In today’s online Wall Street Journal I review a revival of August Wilson’s The Piano Lesson in Sarasota, Florida. Here’s an excerpt.
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This is August Wilson’s year. Not only is Denzel Washington’s film version of “Fences” showing in theaters all over the U.S., but “Jitney,” the first installment in Wilson’s “American Century Cycle,” has finally made it to Broadway 35 years after its premiere. On the other hand, it’s always Wilson’s year in regional theater, where his 10 plays about the black experience in America are regularly produced from coast to coast. At the same time that “Jitney” is drawing crowds in New York, “The Piano Lesson” is being performed to magnificent effect by Sarasota’s Westcoast Black Theatre Troupe, which worked wonders last season with Wilson’s “Ma Rainey’s Black Bottom” and has done even better by this play…
Named after a painting by Romare Bearden and first performed in 1987, “The Piano Lesson” is a domestic drama with supernatural overtones—you might call it a kitchen-sink ghost story. At its heart are two siblings who are at odds over a family heirloom, an elaborately decorated piano whose beauty memorializes the shedding of blood and the enslaving of men and women. Boy Willie (Earley Dean) wants to sell it to a white dealer so that he can buy a farm back home in Mississippi, but Berniece (Noelle Strong) believes that to do so would be disloyal to their ancestors…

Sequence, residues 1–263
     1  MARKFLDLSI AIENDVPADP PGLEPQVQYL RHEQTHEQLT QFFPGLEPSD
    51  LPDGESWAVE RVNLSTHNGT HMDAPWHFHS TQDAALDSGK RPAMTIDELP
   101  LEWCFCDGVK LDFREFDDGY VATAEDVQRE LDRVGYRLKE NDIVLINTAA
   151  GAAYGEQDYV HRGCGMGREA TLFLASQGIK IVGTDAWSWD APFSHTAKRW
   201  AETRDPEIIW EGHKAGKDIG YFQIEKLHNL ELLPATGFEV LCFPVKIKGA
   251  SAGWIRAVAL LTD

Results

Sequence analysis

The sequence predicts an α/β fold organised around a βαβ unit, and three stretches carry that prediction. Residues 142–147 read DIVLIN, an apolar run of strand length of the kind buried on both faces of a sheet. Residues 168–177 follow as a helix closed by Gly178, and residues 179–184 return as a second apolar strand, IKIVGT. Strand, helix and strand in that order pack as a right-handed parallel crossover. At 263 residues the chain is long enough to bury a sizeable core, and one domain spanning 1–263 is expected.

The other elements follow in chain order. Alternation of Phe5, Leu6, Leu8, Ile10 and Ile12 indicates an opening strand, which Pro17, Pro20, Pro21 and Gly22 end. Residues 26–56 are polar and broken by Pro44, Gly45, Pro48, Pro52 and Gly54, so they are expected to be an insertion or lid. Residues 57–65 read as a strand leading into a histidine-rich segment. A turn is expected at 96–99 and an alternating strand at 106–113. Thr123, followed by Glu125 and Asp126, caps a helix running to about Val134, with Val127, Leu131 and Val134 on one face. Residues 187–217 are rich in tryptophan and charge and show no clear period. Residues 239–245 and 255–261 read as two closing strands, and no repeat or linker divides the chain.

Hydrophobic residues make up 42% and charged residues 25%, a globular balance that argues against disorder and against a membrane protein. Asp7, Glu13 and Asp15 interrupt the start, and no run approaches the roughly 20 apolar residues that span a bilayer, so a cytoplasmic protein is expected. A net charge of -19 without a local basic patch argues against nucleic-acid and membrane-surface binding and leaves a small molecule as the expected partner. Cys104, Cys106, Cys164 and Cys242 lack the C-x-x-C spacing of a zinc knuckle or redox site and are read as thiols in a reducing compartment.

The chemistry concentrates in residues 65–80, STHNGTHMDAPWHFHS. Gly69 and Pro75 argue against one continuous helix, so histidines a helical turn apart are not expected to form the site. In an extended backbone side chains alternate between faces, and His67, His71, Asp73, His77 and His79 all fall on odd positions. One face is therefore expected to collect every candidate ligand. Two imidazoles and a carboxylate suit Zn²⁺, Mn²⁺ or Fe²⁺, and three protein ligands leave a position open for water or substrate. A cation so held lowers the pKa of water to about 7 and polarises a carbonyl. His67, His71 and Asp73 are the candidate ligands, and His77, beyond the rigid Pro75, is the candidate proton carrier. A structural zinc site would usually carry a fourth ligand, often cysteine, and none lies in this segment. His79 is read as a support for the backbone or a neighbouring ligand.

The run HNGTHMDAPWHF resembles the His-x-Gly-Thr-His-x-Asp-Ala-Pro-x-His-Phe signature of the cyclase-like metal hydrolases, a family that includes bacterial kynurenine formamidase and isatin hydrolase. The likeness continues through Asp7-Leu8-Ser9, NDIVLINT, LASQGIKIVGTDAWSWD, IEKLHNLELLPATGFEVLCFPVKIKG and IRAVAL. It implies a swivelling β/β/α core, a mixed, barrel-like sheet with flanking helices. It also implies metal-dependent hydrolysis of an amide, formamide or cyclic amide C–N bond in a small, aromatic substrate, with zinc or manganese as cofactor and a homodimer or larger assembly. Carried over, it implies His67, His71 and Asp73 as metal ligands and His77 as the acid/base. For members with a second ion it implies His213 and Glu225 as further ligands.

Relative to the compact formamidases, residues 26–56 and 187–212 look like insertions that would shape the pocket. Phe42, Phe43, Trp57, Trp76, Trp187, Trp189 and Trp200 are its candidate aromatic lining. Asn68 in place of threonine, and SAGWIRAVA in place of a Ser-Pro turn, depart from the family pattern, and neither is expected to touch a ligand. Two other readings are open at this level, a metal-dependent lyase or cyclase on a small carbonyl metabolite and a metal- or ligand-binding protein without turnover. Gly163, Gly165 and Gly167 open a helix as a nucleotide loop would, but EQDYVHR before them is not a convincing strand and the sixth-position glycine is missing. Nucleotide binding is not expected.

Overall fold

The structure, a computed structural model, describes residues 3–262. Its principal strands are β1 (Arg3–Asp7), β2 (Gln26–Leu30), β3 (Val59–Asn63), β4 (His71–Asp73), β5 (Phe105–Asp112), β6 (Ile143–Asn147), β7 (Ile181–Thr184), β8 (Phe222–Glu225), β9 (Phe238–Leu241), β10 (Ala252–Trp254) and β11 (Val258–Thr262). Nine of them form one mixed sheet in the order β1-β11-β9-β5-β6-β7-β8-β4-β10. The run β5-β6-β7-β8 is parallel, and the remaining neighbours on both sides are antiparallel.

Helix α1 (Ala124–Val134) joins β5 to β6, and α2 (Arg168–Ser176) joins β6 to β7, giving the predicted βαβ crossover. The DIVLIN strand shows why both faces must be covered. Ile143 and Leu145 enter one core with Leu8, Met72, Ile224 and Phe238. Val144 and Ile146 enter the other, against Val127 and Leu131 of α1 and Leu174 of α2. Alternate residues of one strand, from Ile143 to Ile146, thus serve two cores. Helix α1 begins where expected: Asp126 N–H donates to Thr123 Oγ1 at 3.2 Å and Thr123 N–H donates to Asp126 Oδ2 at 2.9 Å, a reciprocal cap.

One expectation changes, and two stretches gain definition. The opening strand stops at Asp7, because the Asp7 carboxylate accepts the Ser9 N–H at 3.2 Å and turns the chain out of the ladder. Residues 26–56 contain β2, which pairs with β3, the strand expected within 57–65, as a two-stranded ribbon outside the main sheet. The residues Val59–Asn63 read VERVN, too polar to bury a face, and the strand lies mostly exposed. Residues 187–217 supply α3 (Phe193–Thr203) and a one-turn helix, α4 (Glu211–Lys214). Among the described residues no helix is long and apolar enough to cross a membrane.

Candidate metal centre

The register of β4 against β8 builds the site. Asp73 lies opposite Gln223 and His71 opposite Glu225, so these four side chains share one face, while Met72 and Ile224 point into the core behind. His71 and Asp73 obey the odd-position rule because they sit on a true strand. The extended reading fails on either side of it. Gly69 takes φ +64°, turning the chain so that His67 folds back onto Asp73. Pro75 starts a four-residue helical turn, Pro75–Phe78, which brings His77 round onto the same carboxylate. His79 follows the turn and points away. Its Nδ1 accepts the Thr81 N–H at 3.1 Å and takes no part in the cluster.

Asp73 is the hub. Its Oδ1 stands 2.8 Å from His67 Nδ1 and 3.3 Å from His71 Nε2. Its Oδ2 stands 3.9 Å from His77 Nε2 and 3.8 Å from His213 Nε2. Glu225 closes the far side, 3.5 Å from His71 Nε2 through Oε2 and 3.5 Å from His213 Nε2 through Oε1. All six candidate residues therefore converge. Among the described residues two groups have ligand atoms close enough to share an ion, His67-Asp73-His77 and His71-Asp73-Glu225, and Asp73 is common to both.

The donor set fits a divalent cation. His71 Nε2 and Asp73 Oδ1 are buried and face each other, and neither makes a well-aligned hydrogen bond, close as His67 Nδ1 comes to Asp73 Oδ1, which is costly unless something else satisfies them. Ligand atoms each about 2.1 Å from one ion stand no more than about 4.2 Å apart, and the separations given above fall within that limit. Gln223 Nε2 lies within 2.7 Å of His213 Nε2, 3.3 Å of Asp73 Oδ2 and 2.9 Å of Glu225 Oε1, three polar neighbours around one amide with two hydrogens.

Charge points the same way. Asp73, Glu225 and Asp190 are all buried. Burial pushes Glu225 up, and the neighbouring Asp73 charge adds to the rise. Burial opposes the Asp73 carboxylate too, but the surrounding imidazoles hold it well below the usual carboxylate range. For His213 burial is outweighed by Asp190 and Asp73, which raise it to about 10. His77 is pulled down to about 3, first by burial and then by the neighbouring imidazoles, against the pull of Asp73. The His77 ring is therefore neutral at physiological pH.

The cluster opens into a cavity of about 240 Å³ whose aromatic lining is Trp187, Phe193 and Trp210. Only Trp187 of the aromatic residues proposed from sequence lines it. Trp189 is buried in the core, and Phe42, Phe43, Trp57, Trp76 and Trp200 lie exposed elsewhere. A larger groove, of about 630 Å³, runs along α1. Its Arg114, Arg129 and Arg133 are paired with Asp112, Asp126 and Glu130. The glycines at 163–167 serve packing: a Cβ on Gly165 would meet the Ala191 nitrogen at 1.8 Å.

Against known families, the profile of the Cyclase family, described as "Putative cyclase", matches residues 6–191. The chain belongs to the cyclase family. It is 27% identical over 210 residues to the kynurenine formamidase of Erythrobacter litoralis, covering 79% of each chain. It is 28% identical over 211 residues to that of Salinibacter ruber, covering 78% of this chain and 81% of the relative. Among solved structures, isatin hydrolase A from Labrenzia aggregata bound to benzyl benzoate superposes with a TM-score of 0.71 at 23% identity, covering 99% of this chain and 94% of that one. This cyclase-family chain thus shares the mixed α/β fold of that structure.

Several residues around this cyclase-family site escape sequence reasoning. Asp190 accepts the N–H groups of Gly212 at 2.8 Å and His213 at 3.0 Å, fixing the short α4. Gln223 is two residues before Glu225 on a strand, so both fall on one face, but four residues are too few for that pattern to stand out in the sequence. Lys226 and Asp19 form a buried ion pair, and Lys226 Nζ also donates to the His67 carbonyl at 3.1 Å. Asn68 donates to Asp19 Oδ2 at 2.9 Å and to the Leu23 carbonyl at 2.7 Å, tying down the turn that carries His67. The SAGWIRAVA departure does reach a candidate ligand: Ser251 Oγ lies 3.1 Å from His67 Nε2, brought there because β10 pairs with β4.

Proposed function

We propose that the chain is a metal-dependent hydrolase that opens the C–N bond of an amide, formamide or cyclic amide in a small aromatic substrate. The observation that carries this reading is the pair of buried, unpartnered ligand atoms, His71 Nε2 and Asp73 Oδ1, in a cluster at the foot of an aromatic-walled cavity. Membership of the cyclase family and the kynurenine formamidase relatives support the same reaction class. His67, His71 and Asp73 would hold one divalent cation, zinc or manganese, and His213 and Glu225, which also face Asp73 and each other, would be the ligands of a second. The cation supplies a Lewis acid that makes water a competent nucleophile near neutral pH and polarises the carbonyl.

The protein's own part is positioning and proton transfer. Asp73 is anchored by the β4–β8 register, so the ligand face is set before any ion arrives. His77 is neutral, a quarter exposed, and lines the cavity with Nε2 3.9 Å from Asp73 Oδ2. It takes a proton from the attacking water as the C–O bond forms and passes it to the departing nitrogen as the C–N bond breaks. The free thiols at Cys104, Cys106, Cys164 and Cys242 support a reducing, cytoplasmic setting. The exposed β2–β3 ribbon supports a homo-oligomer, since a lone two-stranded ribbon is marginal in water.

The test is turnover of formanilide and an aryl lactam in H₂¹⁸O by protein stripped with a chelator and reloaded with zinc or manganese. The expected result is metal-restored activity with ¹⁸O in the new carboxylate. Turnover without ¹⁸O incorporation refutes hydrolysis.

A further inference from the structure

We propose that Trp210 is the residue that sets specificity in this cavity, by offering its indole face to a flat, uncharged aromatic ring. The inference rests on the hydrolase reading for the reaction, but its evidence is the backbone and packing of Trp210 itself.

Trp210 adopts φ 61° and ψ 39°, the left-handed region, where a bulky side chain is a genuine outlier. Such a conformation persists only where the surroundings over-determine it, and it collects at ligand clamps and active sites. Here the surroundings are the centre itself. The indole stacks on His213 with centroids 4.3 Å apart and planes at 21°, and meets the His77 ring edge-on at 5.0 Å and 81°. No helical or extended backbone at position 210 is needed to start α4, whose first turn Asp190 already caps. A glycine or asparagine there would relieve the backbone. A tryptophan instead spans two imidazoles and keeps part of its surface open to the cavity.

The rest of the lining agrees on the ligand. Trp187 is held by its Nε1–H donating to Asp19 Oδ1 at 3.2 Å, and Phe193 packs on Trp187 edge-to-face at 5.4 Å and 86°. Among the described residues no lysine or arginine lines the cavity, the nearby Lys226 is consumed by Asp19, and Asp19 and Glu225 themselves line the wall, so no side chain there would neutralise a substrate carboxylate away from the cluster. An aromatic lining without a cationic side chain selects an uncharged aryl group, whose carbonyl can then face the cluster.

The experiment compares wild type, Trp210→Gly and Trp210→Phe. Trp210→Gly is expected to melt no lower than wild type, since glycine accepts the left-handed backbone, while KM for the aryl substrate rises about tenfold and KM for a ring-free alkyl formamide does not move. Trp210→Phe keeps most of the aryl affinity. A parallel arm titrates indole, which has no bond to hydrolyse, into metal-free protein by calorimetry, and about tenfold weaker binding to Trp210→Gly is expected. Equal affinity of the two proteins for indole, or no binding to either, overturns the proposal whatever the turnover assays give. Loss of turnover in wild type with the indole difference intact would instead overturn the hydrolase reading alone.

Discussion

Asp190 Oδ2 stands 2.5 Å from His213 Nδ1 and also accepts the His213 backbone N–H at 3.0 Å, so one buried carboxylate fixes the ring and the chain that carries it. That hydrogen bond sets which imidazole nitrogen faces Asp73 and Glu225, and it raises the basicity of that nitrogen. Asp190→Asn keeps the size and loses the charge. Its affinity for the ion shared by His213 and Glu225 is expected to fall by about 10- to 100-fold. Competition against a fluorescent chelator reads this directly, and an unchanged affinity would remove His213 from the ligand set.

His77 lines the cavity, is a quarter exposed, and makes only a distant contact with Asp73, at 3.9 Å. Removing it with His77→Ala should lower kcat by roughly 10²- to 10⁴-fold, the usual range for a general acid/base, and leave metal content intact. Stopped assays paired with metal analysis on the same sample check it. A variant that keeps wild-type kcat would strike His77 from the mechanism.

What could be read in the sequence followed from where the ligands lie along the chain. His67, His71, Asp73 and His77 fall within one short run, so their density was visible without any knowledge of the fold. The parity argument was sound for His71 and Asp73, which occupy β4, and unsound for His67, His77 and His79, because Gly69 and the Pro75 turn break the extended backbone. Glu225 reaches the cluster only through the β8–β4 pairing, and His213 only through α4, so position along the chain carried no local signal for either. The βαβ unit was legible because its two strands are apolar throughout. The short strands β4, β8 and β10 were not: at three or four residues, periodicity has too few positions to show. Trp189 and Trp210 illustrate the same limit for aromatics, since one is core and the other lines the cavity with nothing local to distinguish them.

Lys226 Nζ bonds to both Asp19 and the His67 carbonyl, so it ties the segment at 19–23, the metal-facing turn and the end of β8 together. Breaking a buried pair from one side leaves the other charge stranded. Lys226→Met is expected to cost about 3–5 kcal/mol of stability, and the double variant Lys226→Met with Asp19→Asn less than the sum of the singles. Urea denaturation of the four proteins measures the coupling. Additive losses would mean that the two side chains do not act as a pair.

Chuck Smith, the director, says in his program note that Wilson “is to the American theater what Dr. Martin Luther King was to American civil rights.” That’s an apt comparison, though it also brings a more specifically theatrical analogy to mind: Wilson is also America’s Brian Friel, a genius of language who turned the common speech of his people into rough-hewn poetry. Nowhere is that gift better displayed than in “The Piano Lesson,” the most operatic of Wilson’s plays, which consists in the main of a series of aria-like monologues in which the six principal characters tell tales illustrative of their varying points of view.
Such an approach necessarily runs the risk of becoming discursive and unwieldy: “The Piano Lesson” is three hours long, and in a less-than-ideal performance you can feel every minute ticking by. But Mr. Smith has paced his staging carefully and filled it with sharp contrast, and he has also encouraged his actors to give big, broad, passionately extroverted performances that march up to the line of exaggeration without once stepping over it….
Ms. Strong, a new face on the regional scene, makes the most of her part, giving a precisely shaded performance that encompasses everything from stoic loneliness to deadly determination….
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Read the whole thing here.
A TV version of The Piano Lesson, adapted by the author and directed by Lloyd Richards. The cast includes Charles S. Dutton as Boy Willie and Alfre Woodard as Berniece. This version, based on and featuring most of the members of the cast of the 1990 Broadway production, was originally telecast on Hallmark Hall of Fame in 1995: